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Safety Versus Freedom: A Persuasive Analysis This work is considered exceptional by our editorial staff.

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H.L. Menken, an American journalist and cultural critic, once wrote that “the average man does not want to be free; he wants to be safe.” This expression is blatantly outdated and completely inapplicable in our modern day as these dangerous forms of thinking can lead to the institution of a totalitarian government and the stripping of a citizen’s most basic rights in the name of ‘security’. Throughout history there have been numerous cases which have provided examples and end results of nations who had followed beliefs and ideologies as Menken’s.

As Benjamin Franklin famously said, “Those who surrender freedom for security will not have, nor do they deserve, either one.” Piece by piece a citizen’s individual freedoms are chipped away and replaced by false promises and agreements, creating the false sense of security which deceives the individual to fall victim to government manipulation. Freedom and restrictions are interconnected, and as individual freedoms are strained, one’s ability to recognize the morality of the restrictions placed become clouded. Danger becomes exaggerated through various forms of media, and the restraints established create a population of people too oblivious to recognize what is even happening. This sense of danger is then amplified, further encouraging the population into submission. Even the smallest of steps can lead to a nation falling into this slippery slope of totalitarianism and the development of a population, governed by fear and false security, that has become solely dependent on its government.

A government’s purpose has changed throughout history and undergone numerous developments in every culture, and, in our modern era, has been increasingly relevant. Through the turn of the 20th century, World War I and World War II have both had incredible impact on the ideologies of what a ‘proper’ or ‘ideal’ government should do and how it should operate. Many notable totalitarian regimes have been in place since then, and it has become more clear now than ever that the most just, successful, democratic, and well-received governments exist to serve the people — not to control them. When sacrificing civil liberties and freedoms for personal and national securities, it is often disregarded that the government’s capacity to protect equally represents the government’s capacity to control.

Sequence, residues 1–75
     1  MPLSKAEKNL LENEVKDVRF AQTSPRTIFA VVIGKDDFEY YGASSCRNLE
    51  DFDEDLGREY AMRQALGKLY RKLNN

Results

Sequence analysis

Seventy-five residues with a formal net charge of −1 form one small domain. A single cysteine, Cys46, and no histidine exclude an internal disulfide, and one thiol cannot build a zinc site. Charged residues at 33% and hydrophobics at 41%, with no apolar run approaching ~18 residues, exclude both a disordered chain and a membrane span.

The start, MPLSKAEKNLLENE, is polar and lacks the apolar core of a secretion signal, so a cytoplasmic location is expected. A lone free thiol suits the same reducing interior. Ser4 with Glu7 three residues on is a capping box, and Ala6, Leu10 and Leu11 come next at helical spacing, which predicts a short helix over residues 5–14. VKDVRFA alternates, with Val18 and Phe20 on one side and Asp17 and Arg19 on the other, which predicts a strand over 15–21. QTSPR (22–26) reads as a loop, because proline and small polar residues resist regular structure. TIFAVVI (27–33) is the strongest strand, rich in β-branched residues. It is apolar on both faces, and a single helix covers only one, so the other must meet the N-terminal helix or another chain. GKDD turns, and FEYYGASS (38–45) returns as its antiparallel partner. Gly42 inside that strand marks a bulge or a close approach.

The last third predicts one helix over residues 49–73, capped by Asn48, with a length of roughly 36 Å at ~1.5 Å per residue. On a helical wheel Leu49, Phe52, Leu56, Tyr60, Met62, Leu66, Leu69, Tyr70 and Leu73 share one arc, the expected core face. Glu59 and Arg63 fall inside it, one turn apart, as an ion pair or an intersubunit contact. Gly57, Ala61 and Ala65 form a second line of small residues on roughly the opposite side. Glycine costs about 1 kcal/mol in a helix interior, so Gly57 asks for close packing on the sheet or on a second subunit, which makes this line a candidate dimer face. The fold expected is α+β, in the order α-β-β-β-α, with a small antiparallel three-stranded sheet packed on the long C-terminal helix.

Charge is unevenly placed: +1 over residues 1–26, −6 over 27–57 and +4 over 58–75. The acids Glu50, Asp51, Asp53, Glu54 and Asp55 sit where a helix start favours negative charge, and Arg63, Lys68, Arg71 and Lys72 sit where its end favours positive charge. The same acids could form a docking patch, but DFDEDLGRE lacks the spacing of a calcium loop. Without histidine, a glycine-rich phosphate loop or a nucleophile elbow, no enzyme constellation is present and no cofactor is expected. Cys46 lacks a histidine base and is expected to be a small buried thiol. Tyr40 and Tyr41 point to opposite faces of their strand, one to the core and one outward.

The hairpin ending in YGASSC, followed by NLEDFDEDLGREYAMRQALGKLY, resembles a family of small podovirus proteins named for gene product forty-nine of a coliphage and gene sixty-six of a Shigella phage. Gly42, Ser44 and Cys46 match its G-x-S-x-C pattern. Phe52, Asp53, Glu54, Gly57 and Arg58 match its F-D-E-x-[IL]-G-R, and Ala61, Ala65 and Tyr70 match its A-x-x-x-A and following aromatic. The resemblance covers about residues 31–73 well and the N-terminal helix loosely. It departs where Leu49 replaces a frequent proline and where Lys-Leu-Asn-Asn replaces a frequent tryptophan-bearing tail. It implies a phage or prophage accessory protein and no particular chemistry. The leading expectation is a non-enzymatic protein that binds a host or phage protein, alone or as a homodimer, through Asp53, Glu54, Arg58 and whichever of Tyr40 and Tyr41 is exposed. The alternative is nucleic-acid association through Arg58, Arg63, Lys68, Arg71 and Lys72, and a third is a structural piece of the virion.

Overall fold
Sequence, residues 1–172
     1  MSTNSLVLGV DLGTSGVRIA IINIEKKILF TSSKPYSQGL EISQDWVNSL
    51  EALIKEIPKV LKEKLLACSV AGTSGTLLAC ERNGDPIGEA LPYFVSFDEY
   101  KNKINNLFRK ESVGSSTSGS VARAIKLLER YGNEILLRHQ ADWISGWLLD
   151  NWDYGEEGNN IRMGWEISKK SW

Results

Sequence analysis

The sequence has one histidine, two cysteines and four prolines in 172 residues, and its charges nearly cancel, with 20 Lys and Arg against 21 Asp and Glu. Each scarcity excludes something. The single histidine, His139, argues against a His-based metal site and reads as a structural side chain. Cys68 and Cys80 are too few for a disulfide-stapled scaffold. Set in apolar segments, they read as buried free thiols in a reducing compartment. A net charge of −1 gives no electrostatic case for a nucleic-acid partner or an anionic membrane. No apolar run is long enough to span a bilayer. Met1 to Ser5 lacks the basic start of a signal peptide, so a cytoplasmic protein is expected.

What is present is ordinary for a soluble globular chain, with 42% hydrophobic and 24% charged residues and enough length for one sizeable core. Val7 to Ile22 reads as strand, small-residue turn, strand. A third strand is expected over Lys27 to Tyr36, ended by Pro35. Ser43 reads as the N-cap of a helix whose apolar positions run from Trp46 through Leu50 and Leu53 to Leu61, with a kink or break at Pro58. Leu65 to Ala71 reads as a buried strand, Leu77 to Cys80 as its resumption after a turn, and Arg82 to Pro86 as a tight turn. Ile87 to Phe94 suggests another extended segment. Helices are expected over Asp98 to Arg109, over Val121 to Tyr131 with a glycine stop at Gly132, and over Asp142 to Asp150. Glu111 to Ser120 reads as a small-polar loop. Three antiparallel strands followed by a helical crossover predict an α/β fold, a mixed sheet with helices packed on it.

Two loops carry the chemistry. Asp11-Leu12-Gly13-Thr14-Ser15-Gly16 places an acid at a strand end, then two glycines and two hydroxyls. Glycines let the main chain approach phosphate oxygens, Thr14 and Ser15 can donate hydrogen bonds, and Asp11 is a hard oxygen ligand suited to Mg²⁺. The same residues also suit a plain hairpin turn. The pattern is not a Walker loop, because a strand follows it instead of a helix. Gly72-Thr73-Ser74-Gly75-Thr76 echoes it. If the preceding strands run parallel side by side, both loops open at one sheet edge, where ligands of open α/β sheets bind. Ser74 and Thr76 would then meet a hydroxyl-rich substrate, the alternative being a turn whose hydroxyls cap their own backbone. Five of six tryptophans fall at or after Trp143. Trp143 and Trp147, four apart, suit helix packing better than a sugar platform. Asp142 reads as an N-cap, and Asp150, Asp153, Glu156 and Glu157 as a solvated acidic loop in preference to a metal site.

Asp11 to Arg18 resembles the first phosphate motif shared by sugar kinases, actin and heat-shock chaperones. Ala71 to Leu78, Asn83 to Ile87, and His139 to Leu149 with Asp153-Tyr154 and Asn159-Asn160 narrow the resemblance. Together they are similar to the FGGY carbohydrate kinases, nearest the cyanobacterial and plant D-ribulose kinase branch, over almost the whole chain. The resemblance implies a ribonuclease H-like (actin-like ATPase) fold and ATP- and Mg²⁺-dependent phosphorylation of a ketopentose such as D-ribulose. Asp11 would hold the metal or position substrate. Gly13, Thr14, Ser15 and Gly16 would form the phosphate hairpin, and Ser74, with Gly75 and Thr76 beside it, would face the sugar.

The battle between security and freedom still exists today, and it is becoming more and more relevant as well. Apple Inc. reached headlines in its disputes with the United States federal government when it objected to the government’s orders for them to provide the FBI with the technology and software to decrypt and unlock an iPhone. CEO Tim Cook responded in an online statement: “The United States government has demanded that Apple take an unprecedented step which threatens the security of our customers. We oppose this order, which has implications far beyond the legal case at hand. This moment calls for public discussion, and we want our customers and people around the country to understand what is at stake.” Like many others, the multi-billion-dollar company has realized the potential threat that submission to these requests may inflict on the future of technology and digital content encryption. Apple nobly realized that the request made would establish an example which had the ability to allow the government to force technology companies to undermine the security of their products. By realizing the grave consequences of the situation, Apple is a prime and modern example of an independent entity which fought for its freedoms undeterred, recognizing the dangers of the relinquishment of liberties.

Security is a tempting promise which has lulled many nations to ruin through the centuries and continues to make its impact in our everyday lives. Even the smallest sacrifices of liberty and freedom can blur the fine line between protection and control. As author Anita Krizzan puts it: “a golden cage…is still a cage.”






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